We’ve been following a developing story regarding one of, if not the largest, data breach dump of all time, deemed “Collection #1” for its collated structure. Collection #1 was a series of data dumps from over 2,000 databases, and this data breach hits close to home. After being alerted early Saturday, January 19th, 2019, I noticed an odd email forward from a website I’d never seen or heard of, alerted me that an older personal email and password was compromised. Taking this notice, we’ve used our experts to dig deeper into the Collection #1 data breach.
By starting with the raw data first, Collection #1 is a set of email addresses and passwords that have totaled 2,692,818,238 rows of spreadsheets with decrypted passwords, made up of several smaller breaches organizations, forums, social platforms make up the varying sources. In total, the data creates 1,160,253,228 unique combinations for emails and passwords. (emails are NOT case sensitive) It should be noted, 772,904,991 unique emails and 21,222,975 other personal data records were released on the dark web on Friday, January 18th, 2019.
Origins of this Data
To further heighten the stakes, with the original documentation pictured above, we can see hackers are neatly formatting their data-dumps, and this shows the delimited text formats (commas, semicolons, syntax), further proving the original origin of this data. Posted late last week on the popular dark web service MEGA, over 12,000 separate files were collected, totaling 87GB of data that has since been removed from the dark website. Referencing the image below, the expanded view shows the file listing and the many alleged sources. (it’s very difficult to discover the source of data breach information)
What I can say is, I checked and verified my own personal data, though it was inaccurate: it was credentials that I personally used several years ago. Like many of you reading this, I’ve bared witness to my data being in these breaches, and although it’s always outdated credentials, it still provides me with a sense of dismay, though I know it’s not personal.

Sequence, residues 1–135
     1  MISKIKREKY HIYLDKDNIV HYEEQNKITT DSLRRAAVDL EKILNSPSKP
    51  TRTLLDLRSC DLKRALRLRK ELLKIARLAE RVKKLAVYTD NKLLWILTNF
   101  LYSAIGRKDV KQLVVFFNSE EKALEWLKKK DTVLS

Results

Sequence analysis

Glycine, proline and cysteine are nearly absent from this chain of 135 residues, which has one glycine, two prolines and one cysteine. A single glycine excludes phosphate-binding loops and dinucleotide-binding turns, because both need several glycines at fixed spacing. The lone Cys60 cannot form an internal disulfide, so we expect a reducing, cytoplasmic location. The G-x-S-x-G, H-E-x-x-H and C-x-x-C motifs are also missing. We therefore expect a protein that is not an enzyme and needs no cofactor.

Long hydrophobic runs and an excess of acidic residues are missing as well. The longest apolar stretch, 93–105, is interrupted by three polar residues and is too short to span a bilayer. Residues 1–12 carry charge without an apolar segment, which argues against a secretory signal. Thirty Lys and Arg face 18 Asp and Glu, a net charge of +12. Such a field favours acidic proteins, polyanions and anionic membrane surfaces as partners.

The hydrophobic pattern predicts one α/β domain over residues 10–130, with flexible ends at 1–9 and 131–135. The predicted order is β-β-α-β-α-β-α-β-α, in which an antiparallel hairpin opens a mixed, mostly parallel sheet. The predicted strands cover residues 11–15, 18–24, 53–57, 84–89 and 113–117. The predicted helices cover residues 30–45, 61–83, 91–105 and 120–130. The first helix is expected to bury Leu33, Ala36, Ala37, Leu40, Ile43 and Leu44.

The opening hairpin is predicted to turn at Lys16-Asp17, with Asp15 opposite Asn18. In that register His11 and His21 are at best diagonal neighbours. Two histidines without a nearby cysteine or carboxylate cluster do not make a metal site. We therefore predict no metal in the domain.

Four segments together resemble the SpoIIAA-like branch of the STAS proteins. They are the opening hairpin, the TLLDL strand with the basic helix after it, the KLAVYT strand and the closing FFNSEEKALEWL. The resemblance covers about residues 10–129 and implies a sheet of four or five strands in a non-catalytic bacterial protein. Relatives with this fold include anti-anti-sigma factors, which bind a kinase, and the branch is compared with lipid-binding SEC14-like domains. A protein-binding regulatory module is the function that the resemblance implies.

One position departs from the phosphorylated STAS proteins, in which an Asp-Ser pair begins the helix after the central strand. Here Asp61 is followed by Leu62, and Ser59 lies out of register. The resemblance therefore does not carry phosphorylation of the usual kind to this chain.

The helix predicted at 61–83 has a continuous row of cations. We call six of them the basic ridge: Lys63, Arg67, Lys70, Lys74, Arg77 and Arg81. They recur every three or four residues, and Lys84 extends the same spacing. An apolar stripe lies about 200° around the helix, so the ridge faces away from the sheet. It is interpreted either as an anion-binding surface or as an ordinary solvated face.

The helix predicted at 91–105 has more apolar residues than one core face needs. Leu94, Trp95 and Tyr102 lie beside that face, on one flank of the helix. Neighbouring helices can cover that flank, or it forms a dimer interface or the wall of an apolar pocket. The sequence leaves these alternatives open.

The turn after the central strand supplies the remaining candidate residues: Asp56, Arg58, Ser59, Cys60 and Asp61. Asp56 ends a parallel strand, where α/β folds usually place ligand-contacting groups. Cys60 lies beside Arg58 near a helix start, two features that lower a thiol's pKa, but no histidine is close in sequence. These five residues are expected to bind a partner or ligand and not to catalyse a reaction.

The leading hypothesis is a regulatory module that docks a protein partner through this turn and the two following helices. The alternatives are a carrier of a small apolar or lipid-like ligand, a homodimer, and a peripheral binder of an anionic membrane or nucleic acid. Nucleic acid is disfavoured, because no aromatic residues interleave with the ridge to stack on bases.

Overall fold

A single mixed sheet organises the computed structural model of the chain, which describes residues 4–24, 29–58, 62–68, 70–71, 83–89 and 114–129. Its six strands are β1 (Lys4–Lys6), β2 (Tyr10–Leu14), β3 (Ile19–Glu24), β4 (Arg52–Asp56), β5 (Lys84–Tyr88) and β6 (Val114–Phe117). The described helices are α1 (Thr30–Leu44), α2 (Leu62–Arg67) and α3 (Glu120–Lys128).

How “Hashed Passwords” are Used in Hacking
As I’ve mentioned, there was a mix of “hashed” and “de-hashed” passwords that were cracked and output to plain text. These massive files are used with automation tools to resplendently attempt numerous credentials. For example, if you head over to HIBP, and you enter the word “[email protected]” it will return the password as being cracked or broken 51,000 times, so this is obviously ill-advised though it meets common password standards, like upper case, lower case, number, and 8 characters long.
So, What’s at risk here?
In short, if you’re involved in this data breach, many of your passwords could already be compromised, in this case, used for credential stuffing. Credential stuffing is the process of automated injection of breach’s usernames, emails and password pairs to gain fraudulent access to your accounts. Once reporting with access, they leverage this same list across banking, emails, and website servers.
The cold reality of this situation is 140 million emails were taken with 21 million in passwords not already disclosed or discovered. My hope is that many will be prompted to broaden their security posture and look past the basic steps in password difficulty. There is something big to take away from all these breaches occurring. Two-step verification could prevent access to many business’ vital applications that are now being moved to the cloud or online.
Head over to our Managed Security Services page to learn the latest technology used to combat cyber attacks for small to medium businesses, providing greater uptime maximization and peace of mind through fully securing your network.